Interview: Akon discusses solar opportunities in Africa

From music star to climate advocate – that’s quite a leap. What first inspired you to devote so much time and energy to the pursuit of solar in Africa?

Akon: Mainly for two reasons. One is because I felt like it was the right thing to do. Africa is in a position of development, and without energy it really cannot get started. So I looked at it as a way to also build my legacy, as an entertainer merging into real business. So it plays both roles. And my patriotism, the fact that I am African, also played a role. I want to see the youth of Africa be empowered and the development of Africa being advanced.

What is the main focus of the Akon Lighting Initiative, supported by Solektra?

Samba Bathily: Solektra is the execution arm, and we have just launched the Solektra Solar Academy in Mali to support the Akon Lighting Initiative.

It is progressing well and was launched on December 15. The idea is to train young generation leaders in renewable energy. The first step is to add education to those who can then be placed in a position where they can then train the trainers. Then the trainers will train the students, and as they graduate they will hopefully be ready to enter the workforce and assist on the solar projects that we are working on.

Respect for elders is very important in African culture, but how key is youth in Africa in helping to spread the message of solar power?

Akon: Youth engagement will be instrumental for Africa’s future, especially in the development of industry, maainly because 65% of the continent is young. There are more youngsters than adults, and it is these youngsters who are often more aware of how technology can be transformative, particularly from a digital standpoint. So they are very understanding of how renewables actually work, and are keen to find out more.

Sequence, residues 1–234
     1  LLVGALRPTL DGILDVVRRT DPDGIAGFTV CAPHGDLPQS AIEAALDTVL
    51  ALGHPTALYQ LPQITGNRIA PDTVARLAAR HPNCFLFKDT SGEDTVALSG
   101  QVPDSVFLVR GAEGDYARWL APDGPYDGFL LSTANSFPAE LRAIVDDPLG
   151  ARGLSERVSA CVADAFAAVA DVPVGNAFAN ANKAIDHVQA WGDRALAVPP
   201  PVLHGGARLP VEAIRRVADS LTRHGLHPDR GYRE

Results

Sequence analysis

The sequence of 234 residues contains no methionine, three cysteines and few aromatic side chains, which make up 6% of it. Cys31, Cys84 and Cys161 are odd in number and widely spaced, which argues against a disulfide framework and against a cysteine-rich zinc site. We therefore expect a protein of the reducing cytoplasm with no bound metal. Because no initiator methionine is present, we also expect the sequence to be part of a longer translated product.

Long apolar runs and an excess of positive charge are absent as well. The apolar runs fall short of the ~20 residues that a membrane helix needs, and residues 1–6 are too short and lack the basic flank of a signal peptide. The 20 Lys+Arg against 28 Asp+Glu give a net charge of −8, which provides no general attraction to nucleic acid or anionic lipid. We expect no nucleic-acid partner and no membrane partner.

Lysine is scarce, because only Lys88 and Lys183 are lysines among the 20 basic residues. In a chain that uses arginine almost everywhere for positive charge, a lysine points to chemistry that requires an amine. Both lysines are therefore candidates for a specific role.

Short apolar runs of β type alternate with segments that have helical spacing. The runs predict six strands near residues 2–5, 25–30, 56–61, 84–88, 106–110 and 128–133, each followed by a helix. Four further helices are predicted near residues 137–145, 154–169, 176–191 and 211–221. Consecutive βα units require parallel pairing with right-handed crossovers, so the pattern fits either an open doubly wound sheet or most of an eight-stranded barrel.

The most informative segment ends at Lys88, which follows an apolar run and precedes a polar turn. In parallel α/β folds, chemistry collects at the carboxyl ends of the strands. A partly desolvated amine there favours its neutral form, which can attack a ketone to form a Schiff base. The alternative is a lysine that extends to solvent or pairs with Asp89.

We are playing the role to educate the youth, but will also seek advice from them in regards to mistakes not to make, etc.

So what is the current level of understanding of solar energy on the ground, in the regions where you are operating?

Akon: There is a clear understanding, largely. Even the small vendors on the side of the road love to sell solar products. Whether it be solar lights, fans, cell phone chargers etc… there are a lot of solar products already out there. But what we want to do is bring bigger systems where the people can access more power, and also create mini grids that can power entire communities outside of the small nick-nacks being offered currently.

How important is it to be financially innovative when approaching Africa’s growing renewable energy landscape?

Samba Bathily: Very important. Financing is key. We have a financial structure where we engage local banks, local governments and also international banks. This is why it is important to move fast. Traditional financing takes time. But what we have seen from recent meetings, and here at COP21, is how we can achieve a mix of funding, where we can build something that is sustainable.

What kind of response are you getting from Europe and beyond?

Samba Bathily: Most stakeholders have shown great interest, and there is also progress in terms of the mentality – from the African side first and foremost. When we began, people in Africa still doubted the effectiveness of solar energy because their experiences with NGOs was disappointing – they would come, install, but after three years or so, nothing worked any more.